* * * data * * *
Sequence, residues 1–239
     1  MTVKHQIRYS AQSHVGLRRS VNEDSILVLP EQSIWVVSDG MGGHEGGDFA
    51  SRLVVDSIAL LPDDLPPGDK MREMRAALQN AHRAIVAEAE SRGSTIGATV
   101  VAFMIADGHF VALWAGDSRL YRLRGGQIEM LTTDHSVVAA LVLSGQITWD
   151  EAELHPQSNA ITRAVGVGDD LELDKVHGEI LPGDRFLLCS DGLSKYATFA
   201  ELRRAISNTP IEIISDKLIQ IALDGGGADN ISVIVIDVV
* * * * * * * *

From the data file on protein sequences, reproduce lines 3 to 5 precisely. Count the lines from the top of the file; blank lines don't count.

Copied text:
    51  SRLVVDSIAL LPDDLPPGDK MREMRAALQN AHRAIVAEAE SRGSTIGATV
   101  VAFMIADGHF VALWAGDSRL YRLRGGQIEM LTTDHSVVAA LVLSGQITWD
   151  EAELHPQSNA ITRAVGVGDD LELDKVHGEI LPGDRFLLCS DGLSKYATFA